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Math & The Isolation of Stimulus

Alexandra Sanna, UMA student from Rome, Italy, shares her original Math project. Come follow us on this wonderful Montessori journey of discovery and transformation with us!  

Photo #1:


  • Above (#1)...A plastic tray to hold the materials, a basket to hold the colored beads - 1 red, 2 green, 3 orange, 4 yellow, 5 blue, and a cardboard box to hold five colored block with dowels - red, green, orange, yellow, blue

Suggested changes: Provide a non-plastic tray (natural materials always preferred), non-cardboard box (needs to be sturdier material), reverse position of basket and box (so movement is L to R).   

Photo #2:

  • Above (#2)...Colored blocks are arranged in "numerical" order with the goal of matching the color of the bead(s) to the blocks. The number cards are placed underneath and, as a "control of error," turned over to reveal the matching bead color.

Suggested changes: Make a stand to hold the blocks in place. Rotate the cards so that the dots are vertical, rather than horizontal for visual accuracy. 


(1) The main purpose of this Math activity is to determine the sequence of quantity (1-5), rather than match the colors. Although the different colors allow for an additional "control of error," it is better to make all the colors the same.

(2) The beads are different shapes. Make them all the same, again, for visual accuracy when viewing the quantities side by side.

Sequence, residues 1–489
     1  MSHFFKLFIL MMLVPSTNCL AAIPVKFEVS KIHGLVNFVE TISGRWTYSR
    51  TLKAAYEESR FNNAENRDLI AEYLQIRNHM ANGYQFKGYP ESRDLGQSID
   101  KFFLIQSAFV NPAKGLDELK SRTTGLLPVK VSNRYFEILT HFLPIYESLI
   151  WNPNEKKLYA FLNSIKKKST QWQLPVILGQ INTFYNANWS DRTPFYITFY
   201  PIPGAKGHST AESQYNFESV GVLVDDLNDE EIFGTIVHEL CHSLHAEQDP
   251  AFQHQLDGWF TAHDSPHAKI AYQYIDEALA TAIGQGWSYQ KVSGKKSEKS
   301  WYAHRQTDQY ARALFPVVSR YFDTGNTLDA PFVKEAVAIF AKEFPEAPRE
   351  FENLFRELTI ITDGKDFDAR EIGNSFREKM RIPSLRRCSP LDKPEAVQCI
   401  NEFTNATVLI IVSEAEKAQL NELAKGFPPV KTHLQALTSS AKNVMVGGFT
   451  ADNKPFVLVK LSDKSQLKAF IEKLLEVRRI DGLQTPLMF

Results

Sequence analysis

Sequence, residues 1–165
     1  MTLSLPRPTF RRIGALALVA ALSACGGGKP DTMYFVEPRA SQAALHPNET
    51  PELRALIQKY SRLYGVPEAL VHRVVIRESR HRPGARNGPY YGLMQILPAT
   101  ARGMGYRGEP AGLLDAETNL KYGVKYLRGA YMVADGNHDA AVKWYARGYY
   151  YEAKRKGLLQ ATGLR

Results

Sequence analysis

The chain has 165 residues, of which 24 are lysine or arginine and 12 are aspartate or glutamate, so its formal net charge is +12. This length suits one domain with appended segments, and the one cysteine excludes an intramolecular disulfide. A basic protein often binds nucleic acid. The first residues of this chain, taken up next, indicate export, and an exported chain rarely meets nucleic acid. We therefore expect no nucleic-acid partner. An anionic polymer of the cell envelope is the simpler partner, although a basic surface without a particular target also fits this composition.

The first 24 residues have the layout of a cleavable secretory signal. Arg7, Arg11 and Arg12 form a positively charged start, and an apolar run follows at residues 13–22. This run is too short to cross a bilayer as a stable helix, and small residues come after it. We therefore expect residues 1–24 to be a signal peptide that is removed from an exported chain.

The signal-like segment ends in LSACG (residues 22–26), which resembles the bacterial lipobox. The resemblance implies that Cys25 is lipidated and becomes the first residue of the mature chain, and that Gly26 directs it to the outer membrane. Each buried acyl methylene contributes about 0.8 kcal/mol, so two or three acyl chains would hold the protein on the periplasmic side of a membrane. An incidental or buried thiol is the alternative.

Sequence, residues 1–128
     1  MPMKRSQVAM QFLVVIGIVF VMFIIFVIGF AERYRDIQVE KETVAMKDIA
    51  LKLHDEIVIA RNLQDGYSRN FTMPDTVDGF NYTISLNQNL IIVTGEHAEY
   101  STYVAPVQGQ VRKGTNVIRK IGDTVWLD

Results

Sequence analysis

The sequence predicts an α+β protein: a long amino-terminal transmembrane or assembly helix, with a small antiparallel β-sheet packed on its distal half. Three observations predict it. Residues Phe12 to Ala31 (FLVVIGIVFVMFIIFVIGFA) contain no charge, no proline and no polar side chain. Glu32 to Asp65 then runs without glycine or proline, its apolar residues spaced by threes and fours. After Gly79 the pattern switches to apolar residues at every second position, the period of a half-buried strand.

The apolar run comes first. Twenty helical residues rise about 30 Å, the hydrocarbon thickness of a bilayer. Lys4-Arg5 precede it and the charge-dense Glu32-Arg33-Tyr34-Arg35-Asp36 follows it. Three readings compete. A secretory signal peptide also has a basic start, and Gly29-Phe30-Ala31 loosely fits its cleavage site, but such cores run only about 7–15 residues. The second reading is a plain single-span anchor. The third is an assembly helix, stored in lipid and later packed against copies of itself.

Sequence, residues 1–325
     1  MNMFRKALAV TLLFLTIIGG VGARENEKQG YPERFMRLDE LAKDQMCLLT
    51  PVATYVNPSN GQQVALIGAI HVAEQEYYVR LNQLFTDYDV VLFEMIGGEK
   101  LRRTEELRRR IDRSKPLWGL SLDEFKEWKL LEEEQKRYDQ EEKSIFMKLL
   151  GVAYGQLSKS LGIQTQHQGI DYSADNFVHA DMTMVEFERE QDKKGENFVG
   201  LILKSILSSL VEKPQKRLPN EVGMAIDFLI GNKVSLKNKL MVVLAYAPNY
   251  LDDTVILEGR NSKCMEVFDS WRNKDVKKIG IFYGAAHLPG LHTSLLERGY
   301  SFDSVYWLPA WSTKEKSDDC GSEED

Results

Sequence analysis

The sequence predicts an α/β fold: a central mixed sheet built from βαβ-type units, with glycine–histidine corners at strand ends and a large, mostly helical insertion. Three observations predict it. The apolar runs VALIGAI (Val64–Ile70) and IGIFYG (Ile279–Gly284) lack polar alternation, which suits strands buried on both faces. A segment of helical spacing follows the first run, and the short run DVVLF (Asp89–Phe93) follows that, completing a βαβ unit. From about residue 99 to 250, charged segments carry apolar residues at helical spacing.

Photo #3: 

  • Above (#3)...The plastic tray has been removed, the colored blocks with dowels have been replaced with a natural colored wooden stand without color coding, and the colored, multi-shaped beads are now all the same (blue and round).

Photo #4:

  •  Above (#4)...How visually appealing and easy to see the increase of quantity in equal increments, due to the isolation of stimulus. On the back of the dotted cards, there are corresponding numerals. Either side may be used, depending upon the age and ability of the child. 

Suggestion: Line up the dots on the cards in single verticle rows to match the beads on the dowels, rather than by two's. 


Alexandra Sanna, per our suggestion, did not let the original project go to waste! She has made a color-matching exercise with an equal number of beads on each color-coded dowel on its color-coded stand. This is now on her Sensorial shelf.

Thank you, Alexandra, for sharing your journey with the Montessori community. Beautiful job!

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